Where will you shower?

In town.  Every five or six days.  I make no apologies for my stench.

Any other questions? Fire away!

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As Edward Abbey said, "An indoor life is the next best thing to a premature burial."

17 thoughts on “You’ve Got Questions, We’ve Got Answers

  1. Good idea to take the pill nonstop for periods. I had a friend in around 1967, who before they knew it was okay to do that short term, who was attacked and killed by a grizzly in Yellowstone. I know that is not where you’re going but it was speculated that her menses is what attracted it to their campsite. Her sleeping bag zipper stuck and she was not able to flee like the rest of her friends.

      1. It was very sad. I only mentioned it because I want you to be careful, (the mom in me) so you can come back and share all your marvelous adventures!

  2. Fantastic roundup of questions. I smirked when I read about the gun thing – I’ve been asked that quite a bit when solo traveling and I think it’s sadly indicative of our culture but also just really strange (do I/you look like the kind of person to carry a gun?!). Anyway, I know you both are looking forward to it; I’m definitely looking forward to reading about it.

  3. Great post! I can’t wait to live vicariously through your posts of the trails!
    If you haven’t got a battery cache yet check out limefuel. I have been using their unit for the past 6 months and it is bomber!

  4. So I mentioned that two of my kids and I are thinking this through. (They’re both daughters, by the way, so your comments about the female perspective are valued.) We’ll likely take in a few sections a year, going for a fifteen-year completion goal. But there’s the thought of trying to tackle it all in six months–like when I’m on a sabbatical or can get a leave of absence.

    If so, my thinking would be to start not on the south end but the north, at about May 15. This should put us in the high Sierras and into the Mojave Desert and down to San Diego county at reasonable times of the year climate-wise. But if you start from the southern end, the Mojave sure is hot by June, when the snowpack can still be deep in the Sierras. And this is supposed to be a doozy El Nino year, meaning potentially a very late snowmelt.

    But I’m a southern California native. I don’t know the northern half like I do the southern. Can you give me some thoughts about starting at the southern end, and possible optimal times to do so?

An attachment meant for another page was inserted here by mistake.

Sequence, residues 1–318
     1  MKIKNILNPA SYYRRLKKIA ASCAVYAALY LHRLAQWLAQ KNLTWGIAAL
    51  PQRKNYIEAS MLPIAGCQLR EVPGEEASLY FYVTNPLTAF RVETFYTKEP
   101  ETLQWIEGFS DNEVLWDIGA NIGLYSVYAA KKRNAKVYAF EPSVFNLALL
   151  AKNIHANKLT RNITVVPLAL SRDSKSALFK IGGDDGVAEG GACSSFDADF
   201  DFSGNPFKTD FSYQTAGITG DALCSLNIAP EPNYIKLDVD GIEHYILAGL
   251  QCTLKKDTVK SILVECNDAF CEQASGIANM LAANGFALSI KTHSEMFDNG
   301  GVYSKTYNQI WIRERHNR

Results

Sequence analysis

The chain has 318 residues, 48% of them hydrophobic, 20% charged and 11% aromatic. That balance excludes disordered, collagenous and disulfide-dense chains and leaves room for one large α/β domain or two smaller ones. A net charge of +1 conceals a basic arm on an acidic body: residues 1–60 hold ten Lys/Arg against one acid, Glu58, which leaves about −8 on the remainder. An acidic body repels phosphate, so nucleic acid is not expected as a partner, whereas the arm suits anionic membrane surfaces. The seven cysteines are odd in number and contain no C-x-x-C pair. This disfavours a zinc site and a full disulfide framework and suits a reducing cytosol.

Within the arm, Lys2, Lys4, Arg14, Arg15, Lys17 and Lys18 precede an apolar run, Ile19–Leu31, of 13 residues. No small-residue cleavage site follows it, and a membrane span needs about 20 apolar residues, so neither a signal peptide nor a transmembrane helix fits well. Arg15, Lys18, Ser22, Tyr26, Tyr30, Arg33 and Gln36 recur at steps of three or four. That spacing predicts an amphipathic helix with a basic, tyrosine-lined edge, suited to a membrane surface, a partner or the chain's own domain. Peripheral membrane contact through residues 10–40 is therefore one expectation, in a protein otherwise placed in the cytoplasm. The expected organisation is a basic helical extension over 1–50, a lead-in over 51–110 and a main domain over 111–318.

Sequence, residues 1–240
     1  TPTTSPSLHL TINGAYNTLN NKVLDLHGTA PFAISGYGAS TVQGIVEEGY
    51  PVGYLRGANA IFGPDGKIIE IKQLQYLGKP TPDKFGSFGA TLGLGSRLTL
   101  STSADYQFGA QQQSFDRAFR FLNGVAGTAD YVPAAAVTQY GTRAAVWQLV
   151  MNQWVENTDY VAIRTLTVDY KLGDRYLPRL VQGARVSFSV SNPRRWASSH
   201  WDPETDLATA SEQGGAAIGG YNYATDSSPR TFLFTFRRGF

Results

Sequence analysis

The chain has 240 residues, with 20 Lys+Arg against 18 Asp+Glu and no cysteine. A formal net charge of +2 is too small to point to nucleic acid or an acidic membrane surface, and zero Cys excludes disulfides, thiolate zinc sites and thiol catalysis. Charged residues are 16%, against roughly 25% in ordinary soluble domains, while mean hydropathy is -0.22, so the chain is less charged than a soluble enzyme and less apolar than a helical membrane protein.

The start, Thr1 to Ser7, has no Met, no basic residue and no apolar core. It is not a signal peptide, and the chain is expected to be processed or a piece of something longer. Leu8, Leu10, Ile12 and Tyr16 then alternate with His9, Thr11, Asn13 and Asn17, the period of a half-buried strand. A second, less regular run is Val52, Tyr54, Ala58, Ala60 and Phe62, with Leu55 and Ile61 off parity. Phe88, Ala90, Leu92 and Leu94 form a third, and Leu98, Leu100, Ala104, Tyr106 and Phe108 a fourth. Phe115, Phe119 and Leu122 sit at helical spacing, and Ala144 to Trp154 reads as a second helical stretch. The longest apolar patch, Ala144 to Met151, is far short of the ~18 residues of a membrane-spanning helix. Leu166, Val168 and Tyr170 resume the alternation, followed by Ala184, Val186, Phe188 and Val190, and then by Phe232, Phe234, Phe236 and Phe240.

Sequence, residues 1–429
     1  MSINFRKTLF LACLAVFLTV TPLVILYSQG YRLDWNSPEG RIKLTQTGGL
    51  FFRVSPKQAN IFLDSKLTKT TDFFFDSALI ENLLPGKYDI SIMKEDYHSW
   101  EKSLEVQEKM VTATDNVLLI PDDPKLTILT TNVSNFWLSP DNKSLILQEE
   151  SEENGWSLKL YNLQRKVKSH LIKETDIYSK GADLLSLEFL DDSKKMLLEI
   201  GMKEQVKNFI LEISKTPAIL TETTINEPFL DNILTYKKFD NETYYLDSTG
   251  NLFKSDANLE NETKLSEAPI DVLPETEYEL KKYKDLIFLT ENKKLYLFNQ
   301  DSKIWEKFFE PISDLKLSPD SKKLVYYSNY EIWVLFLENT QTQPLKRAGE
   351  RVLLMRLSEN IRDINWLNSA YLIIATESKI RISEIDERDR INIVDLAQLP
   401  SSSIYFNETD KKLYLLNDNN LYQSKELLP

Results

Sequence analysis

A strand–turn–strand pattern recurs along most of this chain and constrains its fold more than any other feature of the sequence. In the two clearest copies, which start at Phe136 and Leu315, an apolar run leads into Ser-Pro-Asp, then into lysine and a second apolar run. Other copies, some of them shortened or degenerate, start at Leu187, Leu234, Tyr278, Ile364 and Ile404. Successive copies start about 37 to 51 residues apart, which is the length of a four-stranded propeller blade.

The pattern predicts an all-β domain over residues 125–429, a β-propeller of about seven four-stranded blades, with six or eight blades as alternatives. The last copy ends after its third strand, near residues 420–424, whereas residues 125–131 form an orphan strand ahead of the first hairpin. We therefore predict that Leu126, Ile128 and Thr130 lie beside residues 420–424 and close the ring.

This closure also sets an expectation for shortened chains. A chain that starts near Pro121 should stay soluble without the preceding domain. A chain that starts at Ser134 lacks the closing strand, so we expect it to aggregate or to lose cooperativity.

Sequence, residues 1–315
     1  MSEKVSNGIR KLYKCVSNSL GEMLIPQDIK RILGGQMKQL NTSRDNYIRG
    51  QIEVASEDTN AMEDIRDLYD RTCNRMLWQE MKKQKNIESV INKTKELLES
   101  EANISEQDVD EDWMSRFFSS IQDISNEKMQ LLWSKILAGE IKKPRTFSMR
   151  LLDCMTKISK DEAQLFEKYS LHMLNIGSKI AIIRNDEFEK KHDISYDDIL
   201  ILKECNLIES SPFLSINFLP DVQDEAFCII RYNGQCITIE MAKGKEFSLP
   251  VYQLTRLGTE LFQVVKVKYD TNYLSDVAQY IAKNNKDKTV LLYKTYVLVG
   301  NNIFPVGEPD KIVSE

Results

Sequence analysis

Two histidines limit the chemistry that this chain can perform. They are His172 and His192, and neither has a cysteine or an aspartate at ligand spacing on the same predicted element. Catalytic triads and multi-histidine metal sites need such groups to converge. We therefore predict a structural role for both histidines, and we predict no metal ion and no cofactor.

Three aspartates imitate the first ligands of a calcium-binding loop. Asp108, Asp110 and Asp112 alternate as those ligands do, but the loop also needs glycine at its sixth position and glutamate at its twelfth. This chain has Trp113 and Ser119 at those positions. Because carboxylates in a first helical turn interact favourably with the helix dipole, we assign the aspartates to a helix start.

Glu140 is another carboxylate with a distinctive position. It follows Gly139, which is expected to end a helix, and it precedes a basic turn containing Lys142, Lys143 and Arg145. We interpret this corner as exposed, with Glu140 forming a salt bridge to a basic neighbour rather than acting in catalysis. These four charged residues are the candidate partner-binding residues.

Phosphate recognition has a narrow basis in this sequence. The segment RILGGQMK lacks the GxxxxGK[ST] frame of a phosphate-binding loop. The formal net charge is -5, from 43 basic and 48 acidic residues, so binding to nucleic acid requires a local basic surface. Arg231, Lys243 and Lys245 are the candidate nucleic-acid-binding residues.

1. There is no way you could start the up North that early unless you all have some serious mountaineering and navigation skills and are ready to do some snow camping. Usually if you start in the Washington and head south you have to start late, like July. Then you have a very short window before the Sierras start getting snow again. That is why so few people do it SOBO. Sounds like no matter what you do the desert is hot!! If you do start on the southern end you are supposed to start anywhere from middle of April to beginning of May. The biggest thing is you need to be going through Kennedy Meadows between June 10-15. That is your window. So depending on how fast you hike you work backwards from there! Hiking with the kids sounds awesome, and I think a very life changing experience for them. The AT would be easier on kids because you have a MUCH larger window to complete it in, but the PCT will be much easier on their bodies. So many decisions.

      1. Thanks for the info. Rethinking. Maybe I’ll start mid-April down here and hope for the best when I hit the Sierras. Maybe it won’t be such a snowy year when I finally get to it. The kids now, btw, are 19 and 15–good ages. As for the AT vs. PCT, I’m a huge fan of low humidity and tall mountains. Oh, and I deal much better with rattlesnakes than copperheads. Anyway, very much looking forward to following you on this trek. Sure to learn much!

      2. Well then you have certainly picked the right trail! Mid April is a very popular time to start, I think that’s what we are thinking as well! And those are hardly kids!! That will be so much fun!